Quality improvement project to reduce pediatric clear liquid fasting times prior to anesthesia.

TitleQuality improvement project to reduce pediatric clear liquid fasting times prior to anesthesia.
Publication TypeJournal Article
Year of Publication2019
AuthorsIsserman R, Elliott E, Subramanyam R, Kraus B, Sutherland T, Madu C, Stricker PA
JournalPaediatr Anaesth
Date Published2019 07
KeywordsAdolescent, Anesthesia, General, Child, Child, Preschool, Drinking, Fasting, Humans, Infant, Infant, Newborn, Preoperative Care, Quality Improvement

BACKGROUND: Unnecessarily long preprocedural fasting can cause suffering and distress for children and their families. Institutional fasting policies are designed to consistently achieve minimum fasting times, often without regard to the extent to which actual fasting times exceed these minimums. Children at our hospital frequently experienced clear liquid fasting times far in excess of required minimums.

AIMS: The aim of this study was to utilize quality improvement methodology to reduce excess fasting times, with a goal of achieving experienced clear liquid fasting times ≤4 hours for 60% of our patients.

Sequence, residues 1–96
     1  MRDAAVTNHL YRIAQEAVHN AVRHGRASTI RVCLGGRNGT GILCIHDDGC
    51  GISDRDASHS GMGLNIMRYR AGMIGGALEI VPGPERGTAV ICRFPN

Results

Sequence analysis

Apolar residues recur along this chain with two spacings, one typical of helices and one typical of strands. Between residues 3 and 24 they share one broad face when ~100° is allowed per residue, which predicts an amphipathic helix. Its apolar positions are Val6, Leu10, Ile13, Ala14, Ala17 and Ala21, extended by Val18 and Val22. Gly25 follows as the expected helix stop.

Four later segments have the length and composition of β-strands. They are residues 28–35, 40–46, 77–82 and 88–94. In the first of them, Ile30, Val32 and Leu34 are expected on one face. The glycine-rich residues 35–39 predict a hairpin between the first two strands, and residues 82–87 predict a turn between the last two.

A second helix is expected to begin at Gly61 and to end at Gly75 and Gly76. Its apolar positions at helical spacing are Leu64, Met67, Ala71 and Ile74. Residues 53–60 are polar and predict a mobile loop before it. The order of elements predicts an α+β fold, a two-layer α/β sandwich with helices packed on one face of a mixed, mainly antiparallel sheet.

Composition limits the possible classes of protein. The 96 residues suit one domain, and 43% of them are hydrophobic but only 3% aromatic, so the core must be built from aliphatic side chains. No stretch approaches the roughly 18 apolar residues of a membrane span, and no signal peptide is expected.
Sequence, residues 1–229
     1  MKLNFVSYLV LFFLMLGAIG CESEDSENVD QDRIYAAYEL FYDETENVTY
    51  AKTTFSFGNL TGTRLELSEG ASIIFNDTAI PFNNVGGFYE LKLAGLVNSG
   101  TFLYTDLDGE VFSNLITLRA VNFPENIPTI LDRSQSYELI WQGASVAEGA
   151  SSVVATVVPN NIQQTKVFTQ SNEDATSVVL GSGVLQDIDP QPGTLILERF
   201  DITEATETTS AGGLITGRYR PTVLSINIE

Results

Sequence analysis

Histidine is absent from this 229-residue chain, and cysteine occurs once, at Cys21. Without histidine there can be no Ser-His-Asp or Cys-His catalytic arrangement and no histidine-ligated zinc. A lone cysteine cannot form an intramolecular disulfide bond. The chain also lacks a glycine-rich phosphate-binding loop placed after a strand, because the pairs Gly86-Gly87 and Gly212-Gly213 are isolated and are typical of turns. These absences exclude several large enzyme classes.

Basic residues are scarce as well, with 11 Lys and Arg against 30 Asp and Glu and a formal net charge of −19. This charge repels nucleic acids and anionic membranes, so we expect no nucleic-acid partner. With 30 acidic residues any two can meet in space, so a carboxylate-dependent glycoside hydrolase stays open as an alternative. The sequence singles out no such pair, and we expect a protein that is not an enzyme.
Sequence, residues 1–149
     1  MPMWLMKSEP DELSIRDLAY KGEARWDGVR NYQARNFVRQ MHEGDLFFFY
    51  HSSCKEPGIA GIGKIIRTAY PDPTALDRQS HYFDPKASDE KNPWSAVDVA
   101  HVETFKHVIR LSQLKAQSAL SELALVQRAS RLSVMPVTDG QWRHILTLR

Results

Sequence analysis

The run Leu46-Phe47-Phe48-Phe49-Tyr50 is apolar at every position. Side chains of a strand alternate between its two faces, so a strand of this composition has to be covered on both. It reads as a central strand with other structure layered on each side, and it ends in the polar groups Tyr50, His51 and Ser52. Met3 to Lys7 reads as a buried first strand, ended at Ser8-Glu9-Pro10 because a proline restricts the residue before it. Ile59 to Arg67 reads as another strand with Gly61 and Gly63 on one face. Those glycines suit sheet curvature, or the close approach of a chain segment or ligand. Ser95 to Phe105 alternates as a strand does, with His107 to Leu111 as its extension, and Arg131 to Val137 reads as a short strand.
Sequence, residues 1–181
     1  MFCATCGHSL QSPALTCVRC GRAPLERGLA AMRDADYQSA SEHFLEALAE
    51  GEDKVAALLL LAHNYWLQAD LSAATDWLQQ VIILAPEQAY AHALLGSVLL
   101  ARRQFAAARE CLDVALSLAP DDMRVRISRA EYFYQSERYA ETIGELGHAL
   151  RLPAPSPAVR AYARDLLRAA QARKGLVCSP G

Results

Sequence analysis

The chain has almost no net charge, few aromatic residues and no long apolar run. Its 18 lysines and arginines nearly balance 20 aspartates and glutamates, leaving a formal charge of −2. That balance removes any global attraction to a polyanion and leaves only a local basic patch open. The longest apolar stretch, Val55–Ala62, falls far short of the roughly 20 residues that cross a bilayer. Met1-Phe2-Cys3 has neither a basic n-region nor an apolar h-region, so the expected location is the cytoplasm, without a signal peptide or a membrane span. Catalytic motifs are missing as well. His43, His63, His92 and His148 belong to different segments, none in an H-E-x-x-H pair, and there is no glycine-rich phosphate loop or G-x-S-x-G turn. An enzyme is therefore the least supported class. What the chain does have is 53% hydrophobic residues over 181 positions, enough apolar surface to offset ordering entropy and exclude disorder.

METHODS: This quality improvement project was conducted between July 2017 and August 2018. A multidisciplinary team performed a series of Plan-Do-Study-Act cycles focused on children undergoing elective procedures at a large children's hospital. Key drivers for clear liquid fasting times and relevant balancing measures were identified. Data were analyzed using control charts and statistical process control methods.

RESULTS: Approximately 16 000 children were involved in this project. Over the course of the project, the percentage of children with goal clear liquid fasting times improved from the baseline of 20%-63%, with a change in the mean fasting time from 9 hours to 6 hours. There were no significant effects on balancing measures (case delays/cancellations and clinically significant aspiration events).

CONCLUSION: Using quality improvement methodology, we safely improved the duration of preoperative fasting experienced by our patients. Our results provide additional data supporting the safety of more permissive 1-hour clear liquid fasting minimums. We suggest other institutions pursue similar efforts to improve patient and family experience.

Alternate JournalPaediatr Anaesth
PubMed ID31070840